This is not a blanketed allegation on European ignorance of conflict and warfare in non-European contexts. As the Ethiopian-Eritrean war and the recent rise in hostilities in the Tigray region have displayed, the European Union and the US have implemented economic sanctions against unconscionable hostilities amongst the African States. However, such responses have not been homogenous. In instances of conflict where Western investments and military interests were at play, international law has been pushed back to a secondary consideration or interpretation even moulded to accommodate geopolitical interests. The infamous forced OLC memoranda of the US-led invasion in Iraq in 2003 is a painful reminder.
This duality of application of international law represents the premise of violence existing in “remote” regions of the world and the acceptance of intended and chosen application of the rules that are supposed to guide international relations. In recent years, the lack of consensus or pace to shame acts similar to Russia’s by Western, Israeli, Saudi Arabian forces in Afghanistan, Iraq, Yemen, Palestine, and Syria captures the choice to apply or not apply the words that characterise international law. The questionable difference vocalised by American media about why the belligerence against “civilised and European” polities is more shocking than the situation in Afghanistan or Iraq epitomises this reality. It is clear that international law is simply not eurocentric, but its application is so. .
The application of international law is often also racially and ethnically motivated. Refugee law promises refuge to any civilian fleeing war and conflict. The citizenship of the civilian is not a deciding factor in their plea for refuge in a host State in times of war. However, the developing refugee situation due to this conflict in Europe has consummated a realisation about how race and ethnicity intersect in migration and refugee policies of western States. This realisation’s inception dates back to the 20th century but in recent years has created waves of tension and civil strife due to the second class treatment levied upon refugees of colour despite international law supposedly protecting them. Currently, on Ukrainian borders, countries of the EU have discriminated between EU and non-EU citizens, with African and Asian refugees fleeing Ukraine being held back on the premise that they are not actually Ukrainian or European. If the attacking force is presenting itself to be indiscriminate in its aggression, as characterised by its use of missiles, airstrikes, and mortars – why is the humanitarian response discriminatory? Humanitarian law protects every human in a conflict scenario. In sharp contrast, its application in this crisis thus far has painted a very grave and different picture.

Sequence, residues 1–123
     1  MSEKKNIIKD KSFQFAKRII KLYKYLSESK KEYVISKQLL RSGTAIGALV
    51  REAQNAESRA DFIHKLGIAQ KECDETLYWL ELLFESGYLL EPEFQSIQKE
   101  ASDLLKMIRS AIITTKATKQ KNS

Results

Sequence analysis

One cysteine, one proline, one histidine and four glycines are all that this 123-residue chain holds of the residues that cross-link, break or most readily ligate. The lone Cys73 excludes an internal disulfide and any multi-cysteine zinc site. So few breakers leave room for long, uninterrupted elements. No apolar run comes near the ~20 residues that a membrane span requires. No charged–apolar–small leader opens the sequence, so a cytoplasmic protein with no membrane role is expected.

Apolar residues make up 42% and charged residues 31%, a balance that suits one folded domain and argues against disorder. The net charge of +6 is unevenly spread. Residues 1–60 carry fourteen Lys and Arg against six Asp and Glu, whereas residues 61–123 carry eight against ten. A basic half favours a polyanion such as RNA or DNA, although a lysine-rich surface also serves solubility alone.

Lastly, international law is most applied post-facto, after the transgression has occurred. As seen, Ukraine is aiming to file a motion at the International Court of Justice against the Russian Federation based on the Genocide Convention, claiming that the Russians have falsely named genocide as the reasoning for its military incursion. Conversely, Ukraine has accused Russia of undertaking genocidal acts against Ukrainians. Both Russia and Ukraine are parties to the Genocide Convention. But there is no guarantee of participation despite this membership or compliance with any of the rulings of the court. This is referenced in the context of non-compliance or non-participation by the United States and China in the Nicaragua Case and the South China Sea Tribunal respectively.
The outcome of this value and chosen application will be deliberated upon in a subsequent article.
Image source: Jason Leung from unsplash.com